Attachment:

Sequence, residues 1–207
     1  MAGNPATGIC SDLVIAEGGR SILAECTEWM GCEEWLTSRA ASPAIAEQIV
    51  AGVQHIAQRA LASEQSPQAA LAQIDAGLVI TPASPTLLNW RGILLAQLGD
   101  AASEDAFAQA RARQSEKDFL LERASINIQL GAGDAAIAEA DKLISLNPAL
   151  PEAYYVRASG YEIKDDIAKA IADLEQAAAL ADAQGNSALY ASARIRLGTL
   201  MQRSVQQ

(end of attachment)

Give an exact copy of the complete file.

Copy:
Sequence, residues 1–207
     1  MAGNPATGIC SDLVIAEGGR SILAECTEWM GCEEWLTSRA ASPAIAEQIV
    51  AGVQHIAQRA LASEQSPQAA LAQIDAGLVI TPASPTLLNW RGILLAQLGD
   101  AASEDAFAQA RARQSEKDFL LERASINIQL GAGDAAIAEA DKLISLNPAL
   151  PEAYYVRASG YEIKDDIAKA IADLEQAAAL ADAQGNSALY ASARIRLGTL
   201  MQRSVQQ